This series is about embracing imperfections. One take recordings are full of little mistakes...I even sang a wrong lyric in the second verse. I care more about the overall performance and less about minor blemishes. I mainly consider myself a writer, so this is helping me feel more comfortable calling myself a performer as well. If you like this video then please share on Facebook, Twitter, though email, etc. I’d really like to gather a community around these newsletters and YOU are key to helping me do so! Any help is appreciated, I view this series of videos and blog posts as my first step towards a sustainable career in music!

Set up before video shoot

P.S. I'd like as much feedback and interaction as possible, please feel free to give me your thoughts on what you liked or what could be improved. And if there is any way I can help YOU in return, let me know. 



Dear Ma,  

       Thanks for an exciting, blissful, chilly, and silent weekend in the mountains. You reminded me just how incredible it feels to be in the woods, in the middle of somewhere. We recalled that the last time we backpacked together was over 10 years ago, when I was a kid.  All through my childhood you kindled my relationship with nature. This weekend you told me that even before I could walk, you’d pull me along in a sled behind you during your skiing escapades in the snowy woods beyond our rock walls. Throughout the years I’ve absorbed and reflected your love of nature, and in turn found peace, adventure, and solace. You have passed on other skills such as your knack for being what I call “sign blind” (not seeing or ignoring large red NO TRESPASSING signs), your love of travel, reading, and your “if someone can do it- you can do it” attitude. These are all mindsets I’m grateful for, and I owe thanks to you for always pointing me in the right direction, hoping that it will most often lead me towards the road less traveled.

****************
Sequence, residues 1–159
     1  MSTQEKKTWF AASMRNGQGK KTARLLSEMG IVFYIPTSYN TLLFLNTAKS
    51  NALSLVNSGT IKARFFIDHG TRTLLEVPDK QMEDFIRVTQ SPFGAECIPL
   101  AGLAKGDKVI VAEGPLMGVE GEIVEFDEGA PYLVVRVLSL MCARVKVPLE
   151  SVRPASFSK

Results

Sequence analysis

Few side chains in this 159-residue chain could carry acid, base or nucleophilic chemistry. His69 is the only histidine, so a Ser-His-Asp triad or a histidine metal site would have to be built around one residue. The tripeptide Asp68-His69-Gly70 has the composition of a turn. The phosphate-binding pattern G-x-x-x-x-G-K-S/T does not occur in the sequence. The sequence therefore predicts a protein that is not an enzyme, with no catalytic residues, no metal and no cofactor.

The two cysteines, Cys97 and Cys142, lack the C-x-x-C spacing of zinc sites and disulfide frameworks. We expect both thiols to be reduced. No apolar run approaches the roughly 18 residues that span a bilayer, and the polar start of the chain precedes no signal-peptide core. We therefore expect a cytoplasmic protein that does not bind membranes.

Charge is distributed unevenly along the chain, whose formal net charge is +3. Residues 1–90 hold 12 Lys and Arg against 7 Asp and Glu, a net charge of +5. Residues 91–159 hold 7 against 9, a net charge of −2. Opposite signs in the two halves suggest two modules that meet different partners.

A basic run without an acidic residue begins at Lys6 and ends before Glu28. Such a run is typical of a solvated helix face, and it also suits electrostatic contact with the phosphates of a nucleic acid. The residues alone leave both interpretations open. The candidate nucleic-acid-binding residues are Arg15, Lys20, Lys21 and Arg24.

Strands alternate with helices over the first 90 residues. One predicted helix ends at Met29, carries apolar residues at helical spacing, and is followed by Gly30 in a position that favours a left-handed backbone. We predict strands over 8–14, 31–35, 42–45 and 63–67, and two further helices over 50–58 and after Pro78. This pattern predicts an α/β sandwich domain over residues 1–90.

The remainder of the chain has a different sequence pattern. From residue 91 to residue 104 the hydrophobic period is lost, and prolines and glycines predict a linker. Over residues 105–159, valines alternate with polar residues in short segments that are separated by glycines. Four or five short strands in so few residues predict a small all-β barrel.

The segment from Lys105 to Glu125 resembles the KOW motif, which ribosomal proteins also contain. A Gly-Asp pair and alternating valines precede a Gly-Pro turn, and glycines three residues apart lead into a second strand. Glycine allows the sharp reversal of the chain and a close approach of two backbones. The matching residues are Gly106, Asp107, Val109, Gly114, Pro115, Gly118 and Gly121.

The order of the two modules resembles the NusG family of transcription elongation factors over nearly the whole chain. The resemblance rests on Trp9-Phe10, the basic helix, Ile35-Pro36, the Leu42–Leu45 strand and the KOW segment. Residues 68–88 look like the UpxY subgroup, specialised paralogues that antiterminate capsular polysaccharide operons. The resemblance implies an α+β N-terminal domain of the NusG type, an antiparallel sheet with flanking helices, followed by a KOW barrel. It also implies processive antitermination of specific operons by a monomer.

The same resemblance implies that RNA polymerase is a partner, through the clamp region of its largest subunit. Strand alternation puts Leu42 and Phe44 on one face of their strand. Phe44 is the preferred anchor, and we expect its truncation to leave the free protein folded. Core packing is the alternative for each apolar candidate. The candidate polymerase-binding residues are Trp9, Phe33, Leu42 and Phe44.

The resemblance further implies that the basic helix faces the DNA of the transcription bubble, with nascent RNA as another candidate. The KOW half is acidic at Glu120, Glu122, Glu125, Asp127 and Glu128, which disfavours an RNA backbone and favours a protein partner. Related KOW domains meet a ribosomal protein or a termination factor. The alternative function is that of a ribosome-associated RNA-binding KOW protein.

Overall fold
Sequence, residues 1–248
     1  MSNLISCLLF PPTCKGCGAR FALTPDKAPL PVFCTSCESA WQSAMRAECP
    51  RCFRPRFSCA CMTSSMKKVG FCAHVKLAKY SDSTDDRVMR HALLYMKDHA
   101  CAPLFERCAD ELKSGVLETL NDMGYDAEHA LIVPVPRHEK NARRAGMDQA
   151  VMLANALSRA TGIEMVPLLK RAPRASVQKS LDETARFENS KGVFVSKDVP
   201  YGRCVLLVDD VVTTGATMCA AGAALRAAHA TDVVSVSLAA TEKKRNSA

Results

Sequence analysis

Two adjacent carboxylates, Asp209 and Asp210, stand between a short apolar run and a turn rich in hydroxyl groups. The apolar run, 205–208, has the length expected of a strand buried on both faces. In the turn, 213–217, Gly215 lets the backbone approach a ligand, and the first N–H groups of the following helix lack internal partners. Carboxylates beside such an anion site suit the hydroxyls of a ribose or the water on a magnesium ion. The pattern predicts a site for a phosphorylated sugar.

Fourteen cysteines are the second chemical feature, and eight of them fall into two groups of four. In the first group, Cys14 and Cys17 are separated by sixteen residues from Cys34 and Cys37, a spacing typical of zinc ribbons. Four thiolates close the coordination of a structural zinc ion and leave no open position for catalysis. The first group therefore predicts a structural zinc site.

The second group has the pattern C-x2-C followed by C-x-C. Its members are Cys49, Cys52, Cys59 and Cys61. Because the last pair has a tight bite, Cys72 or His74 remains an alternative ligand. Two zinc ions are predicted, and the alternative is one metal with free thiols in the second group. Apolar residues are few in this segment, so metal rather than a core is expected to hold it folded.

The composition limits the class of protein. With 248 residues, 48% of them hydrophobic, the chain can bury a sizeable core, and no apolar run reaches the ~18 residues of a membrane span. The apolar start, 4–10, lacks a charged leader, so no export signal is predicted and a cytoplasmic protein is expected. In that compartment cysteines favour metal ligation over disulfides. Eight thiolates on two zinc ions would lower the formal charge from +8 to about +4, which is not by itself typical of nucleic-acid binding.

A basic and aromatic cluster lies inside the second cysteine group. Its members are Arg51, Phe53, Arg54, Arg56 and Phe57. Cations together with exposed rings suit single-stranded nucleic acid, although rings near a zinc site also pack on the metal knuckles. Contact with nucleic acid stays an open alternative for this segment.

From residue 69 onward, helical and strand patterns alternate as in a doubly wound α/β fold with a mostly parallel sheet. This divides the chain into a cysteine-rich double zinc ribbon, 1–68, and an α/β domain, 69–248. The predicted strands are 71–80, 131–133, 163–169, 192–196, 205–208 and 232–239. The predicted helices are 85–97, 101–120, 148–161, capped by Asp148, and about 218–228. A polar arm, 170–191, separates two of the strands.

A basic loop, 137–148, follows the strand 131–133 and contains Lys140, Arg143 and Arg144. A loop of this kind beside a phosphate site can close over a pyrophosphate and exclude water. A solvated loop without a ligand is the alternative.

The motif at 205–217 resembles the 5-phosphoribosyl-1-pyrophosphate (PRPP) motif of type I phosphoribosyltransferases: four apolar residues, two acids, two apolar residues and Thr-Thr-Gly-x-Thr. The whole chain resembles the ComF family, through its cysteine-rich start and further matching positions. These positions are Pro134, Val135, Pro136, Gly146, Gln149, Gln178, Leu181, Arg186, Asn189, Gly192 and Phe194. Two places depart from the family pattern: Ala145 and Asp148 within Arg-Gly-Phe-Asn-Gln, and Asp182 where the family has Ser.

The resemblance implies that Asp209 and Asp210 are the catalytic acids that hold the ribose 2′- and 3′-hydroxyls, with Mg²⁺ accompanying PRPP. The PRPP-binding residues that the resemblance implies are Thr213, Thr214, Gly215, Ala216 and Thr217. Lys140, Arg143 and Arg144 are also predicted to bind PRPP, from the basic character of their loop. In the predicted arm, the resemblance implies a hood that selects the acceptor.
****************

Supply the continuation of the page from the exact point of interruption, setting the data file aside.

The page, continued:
View from Mt Colvin (4081 ft)


This weekend we spent three days hiking in the Keene Valley region of the Adirondacks. We climbed two high peaks, Mt. Colvin and Mt. Blake. On the second night, I began writing this post by the light of the campfire, then continued it at the local library and finally finished it here in my warm bed. Though I'm feeling sore, I'm already awaiting the next adventure.




At the beginning of the summer I wrote about my uncertainties in pursuing a career in music. I haven’t been relieved of all these concerns, but I’ve begun acting on them in a big way. I figure the more afraid of my career I am, the more important it is to me. A few things have been really helpful;

  1. Surrounding myself with the smartest people in the world: What I mean by this is NOT that I happen to have an all-star cast of genius friends at my beck and call, but that I've begun to read, and watch informational YouTube videos every morning during breakfast, and while I fall asleep at night. I moved to a town where I have no close friends so I’ve surrounded myself with the best books, and experts to advise me on any problem I have in life. For the challenges we all face in our art/work, our body image, our social selves, or our wallets there is an expert on a library shelf, or one google search away who can help answer our questions. 
  2. More specifically, reading The War of Art by Steven Pressfield (3 times this summer). The book is short and full of advice from a experienced novelist who has fought against the universal enemies every artist faces; procrastination, inconsistency, uncomfortability, and any other form of resistance that we perpetuate. 
  3. Listening to Gary Vaynerchuk 
  4. Getting a part time job. Taking on more financial responsibility after school, and learning that I DON’T want to serve coffee for a career, but it will do for now. 
  5. Waking up early. 
  6. Treating my art like a full time job. For most artists there is no job position to fill, and no one looking to “hire” us. We must not only become an expert at what we do, but we must create the job we are looking to fill. To do this, we must “turn pro”. What this means is that just like any other job we will;